Why is the surface of Mars no longer habitable?
Sounds like a straightforward question, right? However, those nine words comprise one of the most vexing questions in planetary science. There is now overwhelming evidence that Mars was once a place where liquid water flowed on the surface and, thus, life as we know it could have thrived, at least episodically. Orbiters have identified branching networks of valleys that most likely were carved by rainwater or snowmelt. Rovers have driven through ancient streambeds and found minerals that can only be formed over many years underwater. However, such stable surface water requires an atmospheric surface pressure much higher than today’s ~7 millibars (<1% of Earth’s pressure) to prevent evaporation and cause greenhouse warming.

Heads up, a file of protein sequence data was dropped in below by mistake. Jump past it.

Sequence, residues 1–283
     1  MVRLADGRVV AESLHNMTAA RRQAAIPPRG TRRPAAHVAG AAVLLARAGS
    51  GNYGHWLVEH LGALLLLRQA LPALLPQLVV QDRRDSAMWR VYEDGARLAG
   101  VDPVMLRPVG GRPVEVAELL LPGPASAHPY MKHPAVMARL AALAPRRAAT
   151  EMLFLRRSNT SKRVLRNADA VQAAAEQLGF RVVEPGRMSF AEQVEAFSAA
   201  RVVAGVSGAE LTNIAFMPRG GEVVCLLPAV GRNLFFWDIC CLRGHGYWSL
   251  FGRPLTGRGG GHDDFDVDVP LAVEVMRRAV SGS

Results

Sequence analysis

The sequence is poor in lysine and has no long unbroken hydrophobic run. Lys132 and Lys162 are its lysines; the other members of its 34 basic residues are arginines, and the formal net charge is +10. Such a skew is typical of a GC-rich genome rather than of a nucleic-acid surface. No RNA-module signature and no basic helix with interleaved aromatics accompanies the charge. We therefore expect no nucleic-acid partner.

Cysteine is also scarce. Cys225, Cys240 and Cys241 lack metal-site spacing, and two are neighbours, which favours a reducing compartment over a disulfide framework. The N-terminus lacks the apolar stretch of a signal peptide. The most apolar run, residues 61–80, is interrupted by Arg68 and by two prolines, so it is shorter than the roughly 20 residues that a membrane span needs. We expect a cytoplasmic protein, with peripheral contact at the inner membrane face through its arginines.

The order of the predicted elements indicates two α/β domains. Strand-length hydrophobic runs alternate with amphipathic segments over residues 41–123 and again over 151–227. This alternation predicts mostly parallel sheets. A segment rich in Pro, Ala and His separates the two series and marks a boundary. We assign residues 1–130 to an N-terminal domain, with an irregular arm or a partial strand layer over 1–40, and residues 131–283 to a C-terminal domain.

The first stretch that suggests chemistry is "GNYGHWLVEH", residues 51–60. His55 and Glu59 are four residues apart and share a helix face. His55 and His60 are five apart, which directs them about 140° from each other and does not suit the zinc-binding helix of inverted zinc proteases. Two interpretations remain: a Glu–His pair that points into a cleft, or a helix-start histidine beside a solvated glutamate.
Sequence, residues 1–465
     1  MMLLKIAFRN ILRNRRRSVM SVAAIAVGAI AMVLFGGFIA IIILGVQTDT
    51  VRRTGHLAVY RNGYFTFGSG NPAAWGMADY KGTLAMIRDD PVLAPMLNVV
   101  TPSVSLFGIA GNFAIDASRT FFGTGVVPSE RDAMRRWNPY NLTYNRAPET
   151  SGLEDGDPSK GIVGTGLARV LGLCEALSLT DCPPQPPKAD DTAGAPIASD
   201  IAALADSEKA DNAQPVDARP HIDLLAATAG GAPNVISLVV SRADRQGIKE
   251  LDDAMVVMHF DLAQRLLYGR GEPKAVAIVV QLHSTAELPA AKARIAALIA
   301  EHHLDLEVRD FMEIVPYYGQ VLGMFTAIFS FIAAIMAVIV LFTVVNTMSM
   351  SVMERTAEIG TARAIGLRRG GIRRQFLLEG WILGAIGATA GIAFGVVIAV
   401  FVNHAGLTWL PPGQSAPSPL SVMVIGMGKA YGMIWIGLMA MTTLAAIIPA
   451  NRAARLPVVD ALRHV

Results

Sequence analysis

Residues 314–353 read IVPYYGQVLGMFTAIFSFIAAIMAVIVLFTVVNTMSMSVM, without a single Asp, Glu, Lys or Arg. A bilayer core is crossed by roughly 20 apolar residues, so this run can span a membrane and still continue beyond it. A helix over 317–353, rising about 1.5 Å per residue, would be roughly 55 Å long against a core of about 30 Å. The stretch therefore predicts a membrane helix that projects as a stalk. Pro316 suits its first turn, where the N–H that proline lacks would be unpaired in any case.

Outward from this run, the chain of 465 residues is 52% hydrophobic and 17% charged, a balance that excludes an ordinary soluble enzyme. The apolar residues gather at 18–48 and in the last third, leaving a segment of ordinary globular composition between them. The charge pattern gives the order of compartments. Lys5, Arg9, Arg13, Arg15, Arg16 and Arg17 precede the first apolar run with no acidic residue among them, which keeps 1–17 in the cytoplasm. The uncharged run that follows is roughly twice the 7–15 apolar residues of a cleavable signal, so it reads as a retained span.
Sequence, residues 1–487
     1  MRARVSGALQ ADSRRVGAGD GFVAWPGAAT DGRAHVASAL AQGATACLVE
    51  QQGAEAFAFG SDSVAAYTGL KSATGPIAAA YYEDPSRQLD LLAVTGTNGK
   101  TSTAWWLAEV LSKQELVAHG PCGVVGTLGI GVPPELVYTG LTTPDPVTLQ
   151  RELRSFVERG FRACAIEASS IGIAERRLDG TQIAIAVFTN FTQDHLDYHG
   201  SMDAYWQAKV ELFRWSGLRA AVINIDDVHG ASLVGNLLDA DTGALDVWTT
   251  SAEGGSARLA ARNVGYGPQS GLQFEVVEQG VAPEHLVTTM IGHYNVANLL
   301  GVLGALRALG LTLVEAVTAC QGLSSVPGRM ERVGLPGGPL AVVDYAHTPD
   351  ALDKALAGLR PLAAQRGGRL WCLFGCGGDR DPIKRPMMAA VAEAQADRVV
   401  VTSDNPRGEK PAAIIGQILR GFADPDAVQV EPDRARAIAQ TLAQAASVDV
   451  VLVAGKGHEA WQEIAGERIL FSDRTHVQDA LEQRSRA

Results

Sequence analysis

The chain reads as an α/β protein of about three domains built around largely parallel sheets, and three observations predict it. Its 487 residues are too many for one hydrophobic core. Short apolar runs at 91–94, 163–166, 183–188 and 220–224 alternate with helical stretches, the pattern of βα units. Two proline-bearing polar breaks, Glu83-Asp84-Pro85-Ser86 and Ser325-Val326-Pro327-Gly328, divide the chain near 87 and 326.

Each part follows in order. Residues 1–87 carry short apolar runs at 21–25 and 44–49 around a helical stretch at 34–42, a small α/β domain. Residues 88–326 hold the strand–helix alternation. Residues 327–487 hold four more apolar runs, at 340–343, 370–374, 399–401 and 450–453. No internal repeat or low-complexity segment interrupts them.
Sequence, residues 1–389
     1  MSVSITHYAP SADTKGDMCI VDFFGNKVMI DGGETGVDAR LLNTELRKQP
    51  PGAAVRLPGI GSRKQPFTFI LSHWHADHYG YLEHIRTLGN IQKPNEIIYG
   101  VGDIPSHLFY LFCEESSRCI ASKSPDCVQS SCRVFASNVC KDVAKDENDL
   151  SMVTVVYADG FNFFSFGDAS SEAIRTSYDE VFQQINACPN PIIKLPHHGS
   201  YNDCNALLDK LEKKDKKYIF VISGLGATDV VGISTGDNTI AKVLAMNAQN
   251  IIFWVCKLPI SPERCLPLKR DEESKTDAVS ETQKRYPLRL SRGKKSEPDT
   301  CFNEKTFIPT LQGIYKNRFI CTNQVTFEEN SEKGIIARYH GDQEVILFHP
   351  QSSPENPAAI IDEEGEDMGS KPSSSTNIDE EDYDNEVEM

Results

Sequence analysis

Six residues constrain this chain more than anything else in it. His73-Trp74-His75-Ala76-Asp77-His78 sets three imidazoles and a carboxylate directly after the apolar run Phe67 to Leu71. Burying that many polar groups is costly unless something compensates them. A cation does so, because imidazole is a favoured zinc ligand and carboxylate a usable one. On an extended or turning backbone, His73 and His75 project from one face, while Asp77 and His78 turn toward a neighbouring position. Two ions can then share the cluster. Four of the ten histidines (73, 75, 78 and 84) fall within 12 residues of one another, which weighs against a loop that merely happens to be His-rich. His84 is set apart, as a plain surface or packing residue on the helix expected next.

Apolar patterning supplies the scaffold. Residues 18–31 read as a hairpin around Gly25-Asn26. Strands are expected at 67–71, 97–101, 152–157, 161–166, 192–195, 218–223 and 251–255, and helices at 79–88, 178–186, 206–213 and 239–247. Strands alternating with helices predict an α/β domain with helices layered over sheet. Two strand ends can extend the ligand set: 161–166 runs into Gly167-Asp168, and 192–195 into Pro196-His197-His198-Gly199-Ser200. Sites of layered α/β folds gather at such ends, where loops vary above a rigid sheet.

Where did this ancient atmosphere go? … [More at link]